The Office of Naval Research (ONR) recently awarded a DURIP grant “Test and Measurement Instrumentation for Accurate Tracking of Moving Aircraft” to Dr. Yimin Daniel Zhang, Director of the Advanced Signal Processing (ASP) Lab at the Department of Electrical and Computer Engineering, College of Engineering, Temple University.
DURIP, standing for Defense University Research Instrumentation Program, is a Department of Defense (DoD) program that supports university research infrastructure essential to carry out cutting-edge Defense relevant research activities. According to ONR, the DURIP funds will be used for the acquisition of major equipment to augment current or develop new research capabilities in support of DoD relevant research.
Dr. Zhang has a long history in collaborating with DoD agencies, including the ONR. He is the Principal Investigator (PI) of an ONR project to develop accurate target localization and tracking techniques for automated deck operations. In another ONR project, Dr. Zhang develops sparse sampling and arrays to achieve spatial and spectral spectrum sensing capability beyond the conventional bounds. He was also supported by the ONR to develop through-the-wall target detection and classification techniques for achieving transparent urban structures. Dr. Zhang also serves as the PI and co-PI for several other Defense projects, including the ongoing contract from the Air Force Research Laboratory for the development of signal processing algorithms for achieving improved target tracking and geolocation capabilities for over-the-horizon radars.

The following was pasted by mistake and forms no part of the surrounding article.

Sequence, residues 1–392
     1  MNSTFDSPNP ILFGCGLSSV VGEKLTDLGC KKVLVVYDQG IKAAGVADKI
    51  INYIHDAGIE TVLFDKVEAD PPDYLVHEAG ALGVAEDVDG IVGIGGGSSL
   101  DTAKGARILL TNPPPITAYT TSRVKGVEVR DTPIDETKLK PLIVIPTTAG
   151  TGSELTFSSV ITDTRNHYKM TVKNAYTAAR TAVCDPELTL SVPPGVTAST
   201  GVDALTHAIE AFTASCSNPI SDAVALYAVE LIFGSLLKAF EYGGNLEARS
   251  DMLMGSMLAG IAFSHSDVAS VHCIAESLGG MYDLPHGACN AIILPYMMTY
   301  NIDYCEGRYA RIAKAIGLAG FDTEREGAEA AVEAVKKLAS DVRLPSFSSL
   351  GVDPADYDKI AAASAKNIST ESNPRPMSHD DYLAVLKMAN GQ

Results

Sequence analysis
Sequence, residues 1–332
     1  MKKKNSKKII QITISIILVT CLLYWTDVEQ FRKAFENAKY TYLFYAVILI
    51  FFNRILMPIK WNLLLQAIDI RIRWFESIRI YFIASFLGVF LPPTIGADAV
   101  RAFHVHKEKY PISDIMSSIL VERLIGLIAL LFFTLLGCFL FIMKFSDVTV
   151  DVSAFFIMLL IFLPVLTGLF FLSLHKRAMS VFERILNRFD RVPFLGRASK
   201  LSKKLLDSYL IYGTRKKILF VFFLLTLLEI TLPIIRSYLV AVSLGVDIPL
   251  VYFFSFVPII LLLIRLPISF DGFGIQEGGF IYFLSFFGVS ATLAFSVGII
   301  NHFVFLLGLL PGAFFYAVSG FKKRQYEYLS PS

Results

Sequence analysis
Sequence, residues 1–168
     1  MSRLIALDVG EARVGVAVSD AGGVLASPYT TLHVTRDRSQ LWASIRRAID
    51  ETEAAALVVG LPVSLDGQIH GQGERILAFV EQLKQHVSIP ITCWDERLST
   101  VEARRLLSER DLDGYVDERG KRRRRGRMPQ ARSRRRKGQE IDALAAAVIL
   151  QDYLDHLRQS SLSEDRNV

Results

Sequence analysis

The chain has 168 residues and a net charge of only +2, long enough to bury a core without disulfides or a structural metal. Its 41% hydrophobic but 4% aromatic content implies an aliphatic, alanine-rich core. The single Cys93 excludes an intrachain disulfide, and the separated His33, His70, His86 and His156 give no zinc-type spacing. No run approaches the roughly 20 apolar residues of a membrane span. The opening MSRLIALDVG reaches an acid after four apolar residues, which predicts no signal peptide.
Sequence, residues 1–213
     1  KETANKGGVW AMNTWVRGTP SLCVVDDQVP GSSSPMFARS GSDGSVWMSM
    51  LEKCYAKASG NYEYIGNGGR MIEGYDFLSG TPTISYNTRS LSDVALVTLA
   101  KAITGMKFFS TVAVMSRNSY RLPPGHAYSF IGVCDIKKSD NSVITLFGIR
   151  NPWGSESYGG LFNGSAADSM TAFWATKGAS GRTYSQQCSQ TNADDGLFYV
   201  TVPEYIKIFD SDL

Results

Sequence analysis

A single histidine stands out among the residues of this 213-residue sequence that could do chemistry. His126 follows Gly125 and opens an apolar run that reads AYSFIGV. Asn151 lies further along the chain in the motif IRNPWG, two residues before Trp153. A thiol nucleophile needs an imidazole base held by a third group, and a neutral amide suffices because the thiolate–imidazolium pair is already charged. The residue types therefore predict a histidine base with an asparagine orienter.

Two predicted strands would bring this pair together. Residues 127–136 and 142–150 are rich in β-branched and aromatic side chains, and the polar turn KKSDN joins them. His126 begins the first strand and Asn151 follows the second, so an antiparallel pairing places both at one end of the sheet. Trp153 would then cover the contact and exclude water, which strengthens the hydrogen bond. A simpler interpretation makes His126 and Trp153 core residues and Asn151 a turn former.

While the primary objective of this DURIP fund is to provide test and measurement instrumentation that enables experimental validation for the techniques developed by Dr. Zhang and his ASP Lab for the projects sponsored by the ONR and other Defense agencies, the equipment to be acquired under this DURIP fund is expected to also significantly enhance the experimental capabilities for both research and instructions involving radio communications and wireless sensing. “One of the sub-systems proposed in this DURIP project is a radio frequency multiple-input multiple-output (MIMO) platform that consists of a multiple-channel transmitter and a multiple-channel receiver,” says Dr. Zhang, who also instructs graduate courses related to wireless communications and array signal processing. “This platform will significantly help our research group and graduate students to understand and validate various textbook materials and research outcomes, from diversity and adaptive beamforming, to MIMO communications, MIMO radar, directional-of-arrival (DOA) estimation, and spectrum sharing.”